Why do we call "agony" when the end of life of a person comes, often terrible and painful?
With the word "agony" we mean the end of life, when a body, which is alive and able to sustain and keep itself until that moment, loses its power and begins to decompose as an organic and structured being.
"Agony" comes from the Latin “agonia”, and this last one, at the same time, comes from the Greek “ἀγωνία “, meaning fight, combat.
For anyone who has had the misfortune of observing a non-instantaneous death, explanation is no needed. Those who have not had this terrible experience must know that life hangs itself on to the last moment and that all the vital machinery resists in a terrible struggle to stop working and give it up. Those agonizing moments are a real fight of life against death. Unfortunately, in the end, the death always wins and it has to be accepted.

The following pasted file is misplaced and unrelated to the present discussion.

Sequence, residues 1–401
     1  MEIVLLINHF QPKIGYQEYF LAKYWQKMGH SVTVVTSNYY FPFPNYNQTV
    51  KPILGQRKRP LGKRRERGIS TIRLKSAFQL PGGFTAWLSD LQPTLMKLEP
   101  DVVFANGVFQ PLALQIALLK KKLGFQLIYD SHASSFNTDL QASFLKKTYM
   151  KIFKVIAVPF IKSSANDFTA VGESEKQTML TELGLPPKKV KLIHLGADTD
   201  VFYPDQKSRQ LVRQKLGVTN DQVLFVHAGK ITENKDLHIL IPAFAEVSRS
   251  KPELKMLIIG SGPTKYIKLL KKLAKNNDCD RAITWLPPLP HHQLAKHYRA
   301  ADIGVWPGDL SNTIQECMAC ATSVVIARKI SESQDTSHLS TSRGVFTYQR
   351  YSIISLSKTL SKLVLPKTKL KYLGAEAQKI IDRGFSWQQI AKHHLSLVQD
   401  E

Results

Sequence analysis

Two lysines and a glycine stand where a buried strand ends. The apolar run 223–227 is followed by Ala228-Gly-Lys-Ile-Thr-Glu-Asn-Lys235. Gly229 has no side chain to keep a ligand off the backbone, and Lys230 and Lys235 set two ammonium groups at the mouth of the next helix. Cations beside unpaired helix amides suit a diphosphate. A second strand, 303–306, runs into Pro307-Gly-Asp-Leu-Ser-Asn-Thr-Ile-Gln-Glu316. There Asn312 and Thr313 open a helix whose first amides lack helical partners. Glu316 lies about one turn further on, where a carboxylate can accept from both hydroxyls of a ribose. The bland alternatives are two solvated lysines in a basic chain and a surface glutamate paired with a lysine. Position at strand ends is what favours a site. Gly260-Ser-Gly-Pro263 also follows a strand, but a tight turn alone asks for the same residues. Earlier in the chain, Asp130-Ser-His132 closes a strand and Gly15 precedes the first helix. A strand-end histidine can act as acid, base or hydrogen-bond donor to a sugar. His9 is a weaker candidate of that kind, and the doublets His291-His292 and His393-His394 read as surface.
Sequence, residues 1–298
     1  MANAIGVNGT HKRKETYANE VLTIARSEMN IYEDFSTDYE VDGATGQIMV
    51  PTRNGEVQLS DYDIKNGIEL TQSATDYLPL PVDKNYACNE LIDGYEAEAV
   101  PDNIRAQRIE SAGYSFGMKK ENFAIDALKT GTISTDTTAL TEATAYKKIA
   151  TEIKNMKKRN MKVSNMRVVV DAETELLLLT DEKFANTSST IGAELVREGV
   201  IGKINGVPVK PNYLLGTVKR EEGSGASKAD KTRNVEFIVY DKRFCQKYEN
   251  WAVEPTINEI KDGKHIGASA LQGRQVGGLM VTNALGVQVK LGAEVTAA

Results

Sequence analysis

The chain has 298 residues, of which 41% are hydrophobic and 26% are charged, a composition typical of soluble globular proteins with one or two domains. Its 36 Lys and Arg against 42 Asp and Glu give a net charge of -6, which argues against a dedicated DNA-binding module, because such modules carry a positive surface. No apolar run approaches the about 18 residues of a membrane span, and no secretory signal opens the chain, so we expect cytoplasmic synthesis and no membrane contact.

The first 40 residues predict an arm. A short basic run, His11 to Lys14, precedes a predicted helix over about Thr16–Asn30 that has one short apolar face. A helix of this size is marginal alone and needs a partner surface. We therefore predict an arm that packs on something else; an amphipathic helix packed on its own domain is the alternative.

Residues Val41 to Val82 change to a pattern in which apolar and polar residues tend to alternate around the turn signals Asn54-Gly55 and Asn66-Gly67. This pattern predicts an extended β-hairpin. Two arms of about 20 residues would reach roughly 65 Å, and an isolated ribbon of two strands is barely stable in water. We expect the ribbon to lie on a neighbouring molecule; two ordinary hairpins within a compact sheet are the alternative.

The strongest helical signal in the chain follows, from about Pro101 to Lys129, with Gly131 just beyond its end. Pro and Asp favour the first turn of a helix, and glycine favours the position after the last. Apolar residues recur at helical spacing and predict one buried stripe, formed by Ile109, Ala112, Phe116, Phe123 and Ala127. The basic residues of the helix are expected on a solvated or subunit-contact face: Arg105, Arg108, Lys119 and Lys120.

Moreover, everything about the death, that in the ancient world and, until recently, also among us, it looked more normally for being more integrated in the life experience of the people, is now treated less directly, as we try to hide it or somehow to keep it, in hospitals or in those places called "morgues.
Even in the medico-legal language this terrible moment is no more called "death" but "exitus", Latin word for output, exit, departure, outlet, up, way out, journey.
The final question, however, remains the same, I mean, it’s always the eternal question: "exitus"= output/ exit, but where...?
But the funny thing is that also the ancient people used this euphemism for "death", which should not be named, because they, like us now, were scared of it:
For example, in
: PELEUS: “How ... is gone (dead) the only son of my only son?”
And in Hecuba 414, of the same tragedian, Polyxena, about to be ritually sacrificed, tells his mother Hecuba:
"Oh, mother, oh you who gave me light! I'm already going to go down”
Death scares us, death thrills us. It’s better not to talk about it.